Units 2–4 focus on the interpretation of exogenous or external cues (carbohydrate counting, insulin kinetics, and metabolic equivalents of physical activity) to better understand why blood glucose is where it is and what changes are likely to occur in the future. The emphasis is on improving patients' ability to identify mismatches in these three critical aspects of self-management that lead to blood glucose extremes.
Units 5–7 teach users about symptoms or internal cues (e.g., autonomic, neuroglycopenic, and mood symptoms) so they can better recognize and interpret symptoms of extreme blood glucose to improve detection of these events. Unit 8 summarizes what has been learned from the previous 7 weeks of training and promotes relapse prevention. The manual for the second version of BGAT (BGAT-2) is written in English and has also been translated into German,10 Dutch,11 and Japanese.12
Efficacy of BGAT
BGAT is one of the most well-documented training programs for adults with type 1 diabetes. The theoretical mechanisms of BGAT have been thoroughly detailed by Gonder-Frederick et al.8 Various research designs, dependent variables, and research centers have collectively and consistently demonstrated the benefits of BGAT. (Table 1).
The first randomized clinical trial by Cox et al.13 investigated whether the first version of BGAT-1 improved accuracy of blood glucose estimates. Twenty subjects with type 1 diabetes were randomly assigned to BGAT-1 or an active control group (stress management). The results indicated that BGAT-1 significantly improved participants' pre- to posttreatment blood glucose estimation accuracy and detection of hypoglycemia relative to control subjects.
A second randomized clinical trial by Cox et al.14 investigated the impact of BGAT-1 on blood glucose estimates and metabolic control. A total of 22 subjects with type 1 diabetes were randomly assigned to BGAT-1 or a control group. The results of this trial replicated the improvement in blood glucose estimation accuracy seen in the first clinical trial. BGAT-1 also improved participants' hemoglobinA1 (HbA1) compared to controls. Posttreatment improvements were associated with baseline blood glucose estimation accuracy, with less-accurate subjects demonstrating the greatest improvements.
A follow-up study15 investigated whether individuals who received BGAT-1 ∼ 4.9 years earlier exhibited continued benefits in terms of blood glucose estimation accuracy, fewer motor vehicular collisions, and fewer episodes of severe hypoglycemia compared to control subjects. Additionally, half of the BGAT subjects received booster training involving completion of blood glucose diaries and error grids for 2 weeks. The results indicated that BGAT-1 significantly reduced the number of motor vehicular collisions and reduced the number of severe hypoglycemic episodes. Also, participants who received booster training estimated their blood glucose levels with significantly greater accuracy and were more aware of their hypoglycemia.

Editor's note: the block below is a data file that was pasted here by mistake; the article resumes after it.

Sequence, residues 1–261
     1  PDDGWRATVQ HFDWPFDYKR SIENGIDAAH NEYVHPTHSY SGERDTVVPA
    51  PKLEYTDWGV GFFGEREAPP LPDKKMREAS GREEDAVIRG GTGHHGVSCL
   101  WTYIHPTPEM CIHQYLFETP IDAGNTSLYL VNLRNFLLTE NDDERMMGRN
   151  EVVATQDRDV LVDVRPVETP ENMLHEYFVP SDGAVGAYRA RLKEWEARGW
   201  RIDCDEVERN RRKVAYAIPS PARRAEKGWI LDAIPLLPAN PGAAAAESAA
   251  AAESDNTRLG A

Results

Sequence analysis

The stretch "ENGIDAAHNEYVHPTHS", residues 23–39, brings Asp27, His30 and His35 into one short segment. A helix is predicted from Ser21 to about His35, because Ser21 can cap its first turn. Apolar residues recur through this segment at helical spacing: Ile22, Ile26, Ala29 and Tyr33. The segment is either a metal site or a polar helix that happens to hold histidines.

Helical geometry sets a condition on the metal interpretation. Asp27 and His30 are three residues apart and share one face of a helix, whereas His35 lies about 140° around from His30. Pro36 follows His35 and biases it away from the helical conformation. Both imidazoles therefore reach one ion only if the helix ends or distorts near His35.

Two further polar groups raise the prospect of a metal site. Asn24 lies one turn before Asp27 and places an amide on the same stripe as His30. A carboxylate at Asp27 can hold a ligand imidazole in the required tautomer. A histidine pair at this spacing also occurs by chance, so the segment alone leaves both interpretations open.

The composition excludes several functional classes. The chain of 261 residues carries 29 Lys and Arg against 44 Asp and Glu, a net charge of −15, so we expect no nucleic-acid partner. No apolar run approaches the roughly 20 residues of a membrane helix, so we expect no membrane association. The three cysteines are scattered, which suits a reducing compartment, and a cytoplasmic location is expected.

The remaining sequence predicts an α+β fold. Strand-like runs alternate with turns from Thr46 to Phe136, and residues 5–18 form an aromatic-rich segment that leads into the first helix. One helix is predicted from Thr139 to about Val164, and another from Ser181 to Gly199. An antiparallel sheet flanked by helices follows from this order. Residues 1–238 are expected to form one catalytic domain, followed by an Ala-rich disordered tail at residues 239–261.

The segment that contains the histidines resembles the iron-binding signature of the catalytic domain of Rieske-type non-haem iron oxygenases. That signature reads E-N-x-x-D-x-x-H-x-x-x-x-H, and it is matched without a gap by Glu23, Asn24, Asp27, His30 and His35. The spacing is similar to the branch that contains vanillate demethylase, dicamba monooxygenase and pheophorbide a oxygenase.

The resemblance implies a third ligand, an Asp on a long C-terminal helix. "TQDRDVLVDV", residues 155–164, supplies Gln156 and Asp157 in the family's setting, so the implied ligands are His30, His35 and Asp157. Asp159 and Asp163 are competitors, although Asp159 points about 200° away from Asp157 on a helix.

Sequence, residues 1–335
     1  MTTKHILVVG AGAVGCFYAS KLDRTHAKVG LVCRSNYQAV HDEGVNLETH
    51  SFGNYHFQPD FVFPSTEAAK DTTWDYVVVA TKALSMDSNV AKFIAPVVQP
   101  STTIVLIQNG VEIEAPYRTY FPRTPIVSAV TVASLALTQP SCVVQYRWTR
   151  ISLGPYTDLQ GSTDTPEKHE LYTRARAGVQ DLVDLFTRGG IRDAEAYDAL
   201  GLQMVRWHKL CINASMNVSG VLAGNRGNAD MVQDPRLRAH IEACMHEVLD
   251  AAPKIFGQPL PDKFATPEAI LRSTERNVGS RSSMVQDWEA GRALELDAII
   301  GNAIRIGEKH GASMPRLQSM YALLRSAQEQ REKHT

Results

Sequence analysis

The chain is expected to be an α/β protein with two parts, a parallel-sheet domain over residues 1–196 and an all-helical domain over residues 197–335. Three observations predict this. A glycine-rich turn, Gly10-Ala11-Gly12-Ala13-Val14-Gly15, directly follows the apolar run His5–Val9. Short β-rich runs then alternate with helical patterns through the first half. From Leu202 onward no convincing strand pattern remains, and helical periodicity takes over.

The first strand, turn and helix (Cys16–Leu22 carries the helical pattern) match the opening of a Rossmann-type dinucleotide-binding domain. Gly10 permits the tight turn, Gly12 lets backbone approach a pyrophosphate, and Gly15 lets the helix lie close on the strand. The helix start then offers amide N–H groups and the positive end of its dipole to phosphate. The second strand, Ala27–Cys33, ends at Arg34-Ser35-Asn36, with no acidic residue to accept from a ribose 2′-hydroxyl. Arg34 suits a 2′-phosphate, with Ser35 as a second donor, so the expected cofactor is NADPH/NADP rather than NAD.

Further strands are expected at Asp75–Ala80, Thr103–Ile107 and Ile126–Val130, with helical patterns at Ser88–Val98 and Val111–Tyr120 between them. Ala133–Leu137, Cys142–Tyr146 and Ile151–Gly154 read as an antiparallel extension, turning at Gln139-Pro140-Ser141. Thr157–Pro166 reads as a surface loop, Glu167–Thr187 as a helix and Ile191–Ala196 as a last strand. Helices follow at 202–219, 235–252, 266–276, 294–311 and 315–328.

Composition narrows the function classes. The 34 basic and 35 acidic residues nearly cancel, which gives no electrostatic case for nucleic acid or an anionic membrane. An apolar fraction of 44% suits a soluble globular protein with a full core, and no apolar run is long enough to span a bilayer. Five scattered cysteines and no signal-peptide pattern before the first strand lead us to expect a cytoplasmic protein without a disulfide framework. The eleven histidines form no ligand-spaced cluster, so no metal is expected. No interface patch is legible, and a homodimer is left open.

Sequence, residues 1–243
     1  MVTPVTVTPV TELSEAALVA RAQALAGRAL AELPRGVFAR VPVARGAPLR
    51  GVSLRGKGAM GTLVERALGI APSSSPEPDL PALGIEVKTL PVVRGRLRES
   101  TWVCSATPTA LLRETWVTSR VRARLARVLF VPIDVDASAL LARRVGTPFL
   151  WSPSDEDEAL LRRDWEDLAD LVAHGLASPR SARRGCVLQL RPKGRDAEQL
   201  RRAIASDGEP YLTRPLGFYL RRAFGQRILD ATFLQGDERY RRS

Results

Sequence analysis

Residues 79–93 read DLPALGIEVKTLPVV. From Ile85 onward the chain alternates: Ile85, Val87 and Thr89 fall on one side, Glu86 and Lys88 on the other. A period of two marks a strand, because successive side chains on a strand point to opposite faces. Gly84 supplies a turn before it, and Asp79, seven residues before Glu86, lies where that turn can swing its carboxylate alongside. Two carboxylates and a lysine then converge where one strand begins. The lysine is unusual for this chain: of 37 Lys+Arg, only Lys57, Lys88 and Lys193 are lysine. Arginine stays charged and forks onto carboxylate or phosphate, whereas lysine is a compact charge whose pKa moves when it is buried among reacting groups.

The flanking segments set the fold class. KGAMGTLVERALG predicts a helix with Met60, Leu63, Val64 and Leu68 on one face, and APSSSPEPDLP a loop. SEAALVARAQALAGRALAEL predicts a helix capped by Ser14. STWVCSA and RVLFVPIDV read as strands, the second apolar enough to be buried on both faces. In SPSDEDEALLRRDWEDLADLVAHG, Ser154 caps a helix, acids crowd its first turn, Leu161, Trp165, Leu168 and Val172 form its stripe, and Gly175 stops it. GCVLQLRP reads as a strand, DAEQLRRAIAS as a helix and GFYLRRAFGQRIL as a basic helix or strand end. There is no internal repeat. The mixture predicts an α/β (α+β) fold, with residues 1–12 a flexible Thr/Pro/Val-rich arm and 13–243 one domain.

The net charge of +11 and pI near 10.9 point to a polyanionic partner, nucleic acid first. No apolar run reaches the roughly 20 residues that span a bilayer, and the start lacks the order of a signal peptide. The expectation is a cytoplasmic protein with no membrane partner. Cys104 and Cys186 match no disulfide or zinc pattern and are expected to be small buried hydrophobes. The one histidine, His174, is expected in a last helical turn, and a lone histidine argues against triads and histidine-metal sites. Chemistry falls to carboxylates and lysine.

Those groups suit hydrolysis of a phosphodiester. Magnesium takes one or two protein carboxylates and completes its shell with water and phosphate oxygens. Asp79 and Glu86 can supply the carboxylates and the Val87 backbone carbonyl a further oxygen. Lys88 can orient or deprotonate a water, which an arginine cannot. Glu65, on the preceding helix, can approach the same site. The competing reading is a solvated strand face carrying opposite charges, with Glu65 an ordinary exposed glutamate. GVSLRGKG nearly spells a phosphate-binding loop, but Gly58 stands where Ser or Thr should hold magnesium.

A third randomized study16 investigating the differences between standard and intensive BGAT indicated that both led to improved blood glucose estimation accuracy. Intensive training involved hospitalizing subjects, manipulating their blood glucose into hypo- and hyperglycemic ranges, having patients estimate their blood glucose, and then providing immediate feedback and symptom review. Although both led to improved blood glucose estimation accuracy, only subjects who received intensive BGAT-1 demonstrated a significant improvement in metabolic control as measured by HbA1.
Kinsley et al.17 randomly assigned 47 subjects with uncomplicated type 1 diabetes who were undergoing intensive insulin therapy to receive either BGAT-1 or an education control group. This study demonstrated that the counterregulatory epinephrine response to hypoglycemia was preserved in the BGAT-1 group, whereas control subjects demonstrated a loss of hormonal counterregulation with improved metabolic control. These results suggested that BGAT-1 may be a useful intervention to decrease blunting of counterregulatory responses to hypoglycemia, possibly through avoidance of frequent low blood glucose.
Nurick and Johnson18 provided BGAT-1 to a group of young adult outpatients and a group of adolescent inpatients with type 1 diabetes. The results indicated that, compared to the control group, BGAT-1 subjects significantly improved their blood glucose estimation accuracy; specifically, they had greater awareness of hypo- and hyperglycemia.